Wanting to feel useful, today I tackled a task I’ve been putting off: cleaning up the plant pots from the courtyard outside my door. I imagined that I shirked the task because it would be dirty and exhausting, but I had barely begun before I understood that the real reason was I didn’t want to face the memories that lay in wait for me.
Except for the laurel, none of the several dozen pots had been planted by me. It was the sole survivor of three that Trish and I had bought years ago when the strata council had chopped down the fir that shaded our balcony. The others had quickly died, and this one had been moved to the courtyard when our deck was last rebuilt, only to die in last summer’s heat wave when I was too distracted to notice. Our parrots Ning and Sophy had enjoyed having it against the outside of the living room window, since it gave them a hidden place from which to peer out at the world.
The rest were the remnants of miniature roses and one or two efforts at growing mint and other herbs. I had never had a hand in those. They were Trish’s, and among some people she was as well-known for her roses as for always carrying a craft project with her.
Before the carcinoids took hold, an hour or two in the evening or weekends was a part of her life. She was proud of them, having never had much success with gardening before, and she kept her notes about them in a leather-bound book stamped with Celtic knotwork designs. She enjoyed, too, going to the monthly meeting of the local rose society, and she delighted in the names of each rose: Pandemonium, Golden Amber, Black Jade, Pinwheel, and all the rest.
But the real point of growing the roses was distributing the blossoms, few of which were over three centimeters in diameter. Regardless of whether she was going to her job, or we were going shopping at Westminster Quay, the parrot shop, or a bookstore, her departure was always delayed by her snipping the latest blossoms. At summer’s height, she would soak paper towels and carefully wrap the blossoms to preserve them. When she got to wherever she was going, she would hand them out, to the delight and occasional puzzlement of the recipients.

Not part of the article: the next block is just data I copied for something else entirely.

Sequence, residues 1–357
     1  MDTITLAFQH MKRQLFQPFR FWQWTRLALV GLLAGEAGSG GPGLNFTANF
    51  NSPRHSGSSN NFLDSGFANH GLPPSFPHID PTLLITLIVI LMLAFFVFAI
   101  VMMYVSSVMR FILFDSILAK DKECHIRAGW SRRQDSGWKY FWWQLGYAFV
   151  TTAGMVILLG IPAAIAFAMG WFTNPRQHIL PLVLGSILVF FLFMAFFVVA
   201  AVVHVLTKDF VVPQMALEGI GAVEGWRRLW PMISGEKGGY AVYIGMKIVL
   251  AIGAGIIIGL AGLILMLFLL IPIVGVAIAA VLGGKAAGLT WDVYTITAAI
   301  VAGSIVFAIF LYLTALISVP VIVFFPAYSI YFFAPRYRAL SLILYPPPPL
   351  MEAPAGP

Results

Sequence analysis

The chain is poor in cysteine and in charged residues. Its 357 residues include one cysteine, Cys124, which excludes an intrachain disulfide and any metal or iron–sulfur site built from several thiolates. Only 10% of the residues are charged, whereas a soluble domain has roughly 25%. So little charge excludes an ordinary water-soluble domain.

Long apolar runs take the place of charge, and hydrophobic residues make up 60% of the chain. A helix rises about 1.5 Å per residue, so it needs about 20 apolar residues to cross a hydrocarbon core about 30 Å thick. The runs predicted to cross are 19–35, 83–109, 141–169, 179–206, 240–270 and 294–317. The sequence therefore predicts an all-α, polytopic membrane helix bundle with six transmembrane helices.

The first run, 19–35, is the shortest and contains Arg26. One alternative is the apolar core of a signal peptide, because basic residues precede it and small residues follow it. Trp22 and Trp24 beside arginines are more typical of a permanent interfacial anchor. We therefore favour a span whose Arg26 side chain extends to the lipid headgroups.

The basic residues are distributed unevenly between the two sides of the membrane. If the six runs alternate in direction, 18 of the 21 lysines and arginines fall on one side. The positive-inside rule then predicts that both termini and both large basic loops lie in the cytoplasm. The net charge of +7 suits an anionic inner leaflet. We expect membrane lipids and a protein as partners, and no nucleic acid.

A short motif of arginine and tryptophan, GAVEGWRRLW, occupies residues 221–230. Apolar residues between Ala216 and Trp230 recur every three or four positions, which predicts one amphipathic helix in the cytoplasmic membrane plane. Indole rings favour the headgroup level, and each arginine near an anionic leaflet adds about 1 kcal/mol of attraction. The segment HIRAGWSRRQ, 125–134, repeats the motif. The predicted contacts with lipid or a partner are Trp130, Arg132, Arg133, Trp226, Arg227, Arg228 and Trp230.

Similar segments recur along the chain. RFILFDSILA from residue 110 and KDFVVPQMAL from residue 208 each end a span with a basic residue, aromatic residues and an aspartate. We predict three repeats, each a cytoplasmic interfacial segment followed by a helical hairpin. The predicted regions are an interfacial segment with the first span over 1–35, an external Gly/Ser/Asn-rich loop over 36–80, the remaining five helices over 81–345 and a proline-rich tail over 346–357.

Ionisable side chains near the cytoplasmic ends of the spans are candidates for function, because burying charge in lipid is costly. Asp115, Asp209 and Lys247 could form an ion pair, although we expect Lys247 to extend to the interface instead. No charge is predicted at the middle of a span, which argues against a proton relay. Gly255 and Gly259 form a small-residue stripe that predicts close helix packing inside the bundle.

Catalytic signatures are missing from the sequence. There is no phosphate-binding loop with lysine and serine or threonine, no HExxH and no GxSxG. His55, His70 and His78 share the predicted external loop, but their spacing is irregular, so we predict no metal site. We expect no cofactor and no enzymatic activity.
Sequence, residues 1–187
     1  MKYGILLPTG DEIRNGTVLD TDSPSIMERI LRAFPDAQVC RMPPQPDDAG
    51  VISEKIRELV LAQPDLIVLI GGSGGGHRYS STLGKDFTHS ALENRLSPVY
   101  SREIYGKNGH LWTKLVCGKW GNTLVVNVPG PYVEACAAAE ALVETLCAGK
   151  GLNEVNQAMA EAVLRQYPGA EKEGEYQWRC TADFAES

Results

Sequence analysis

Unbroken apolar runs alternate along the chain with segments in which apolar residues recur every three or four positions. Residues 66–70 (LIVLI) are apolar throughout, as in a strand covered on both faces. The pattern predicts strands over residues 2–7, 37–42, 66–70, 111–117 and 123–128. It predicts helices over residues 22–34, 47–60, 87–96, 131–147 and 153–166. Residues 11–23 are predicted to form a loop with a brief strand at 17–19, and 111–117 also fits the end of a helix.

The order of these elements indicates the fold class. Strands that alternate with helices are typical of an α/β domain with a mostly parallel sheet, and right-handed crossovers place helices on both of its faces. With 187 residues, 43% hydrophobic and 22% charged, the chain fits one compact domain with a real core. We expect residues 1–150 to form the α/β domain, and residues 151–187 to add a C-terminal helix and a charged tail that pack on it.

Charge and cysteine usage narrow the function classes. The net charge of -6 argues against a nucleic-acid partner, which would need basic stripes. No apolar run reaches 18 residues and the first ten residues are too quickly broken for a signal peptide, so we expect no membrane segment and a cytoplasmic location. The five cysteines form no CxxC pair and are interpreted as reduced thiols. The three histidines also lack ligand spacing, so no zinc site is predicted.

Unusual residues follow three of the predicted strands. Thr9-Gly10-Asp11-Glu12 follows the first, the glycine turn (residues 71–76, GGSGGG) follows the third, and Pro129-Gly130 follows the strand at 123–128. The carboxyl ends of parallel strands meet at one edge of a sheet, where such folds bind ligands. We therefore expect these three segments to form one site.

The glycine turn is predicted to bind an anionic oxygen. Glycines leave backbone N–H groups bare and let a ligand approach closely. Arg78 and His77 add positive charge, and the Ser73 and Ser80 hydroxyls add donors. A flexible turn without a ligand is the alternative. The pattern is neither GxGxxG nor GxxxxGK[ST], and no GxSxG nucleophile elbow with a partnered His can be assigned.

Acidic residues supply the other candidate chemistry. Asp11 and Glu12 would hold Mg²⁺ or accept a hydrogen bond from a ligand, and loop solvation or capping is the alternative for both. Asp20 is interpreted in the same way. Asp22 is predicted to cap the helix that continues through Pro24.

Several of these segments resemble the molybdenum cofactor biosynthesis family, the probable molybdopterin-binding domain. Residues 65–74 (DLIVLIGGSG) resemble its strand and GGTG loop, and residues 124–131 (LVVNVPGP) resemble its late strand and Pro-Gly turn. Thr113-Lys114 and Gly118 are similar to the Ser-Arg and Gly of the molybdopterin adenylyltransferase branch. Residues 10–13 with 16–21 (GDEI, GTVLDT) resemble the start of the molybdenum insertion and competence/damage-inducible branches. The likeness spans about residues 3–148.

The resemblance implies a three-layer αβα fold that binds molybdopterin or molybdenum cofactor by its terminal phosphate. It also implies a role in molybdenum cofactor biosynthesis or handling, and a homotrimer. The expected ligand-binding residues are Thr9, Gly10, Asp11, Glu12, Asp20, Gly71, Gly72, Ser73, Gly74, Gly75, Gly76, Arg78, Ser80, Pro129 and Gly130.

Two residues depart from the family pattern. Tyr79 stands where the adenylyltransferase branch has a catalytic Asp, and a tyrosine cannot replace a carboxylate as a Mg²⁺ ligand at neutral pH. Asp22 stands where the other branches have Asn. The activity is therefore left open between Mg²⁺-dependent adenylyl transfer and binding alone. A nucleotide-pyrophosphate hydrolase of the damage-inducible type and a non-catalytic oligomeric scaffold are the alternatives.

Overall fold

I suppose you could rationalize the distribution of the blossoms by the fact that Trish had several dozen plants, and, when they were blossoming, we hardly had room in our townhouse for more than a few blossoms. But, although we never talked about why she went to such efforts, I knew that she enjoyed offering the small gifts that she had produced to those she saw regularly.
Once, a cashier snootily refused them, and we never shopped at that bakery again. For my part, I was furious that such an innocent and pleasant gesture should be met with hostility. Most people were pleased by the gesture in the middle of their workday, and some came to look forward to it so much that they were visibly disappointed if Trish had run out of blossoms or the plants weren’t producing that day. To some distant acquaintances at Westminster Quay, she was simply the Rose Lady.
But as Trish sickened, she had less energy for roses. One by one, their numbers feel due to frost or disease, and, increasingly, the losses were not replaced. When she could, she still enjoyed tending them and distributing the blossoms, but, with each year she had less energy for anything so active. Nor did she want my help; the roses were her activity, and, not being a gardener and increasingly worried myself, I did not offer help as often as I could.
Two years ago, her health was poor enough that she hardly had time to fertilize the roses, let alone prune or keep them free of disease. Last year, as she struggled with pneumonia and slowly died, she had no time for them at all.
Today, I found that only three rose bushes survived, and one of them will need some concentrated attention to thrive again. But I decided that, despite my lack of gardening skills, I will do my best to keep them alive. The effort is a way I can continue to connect to a time that, nine months later, already seems so fabulous and distant that sometimes I wonder if it existed at all.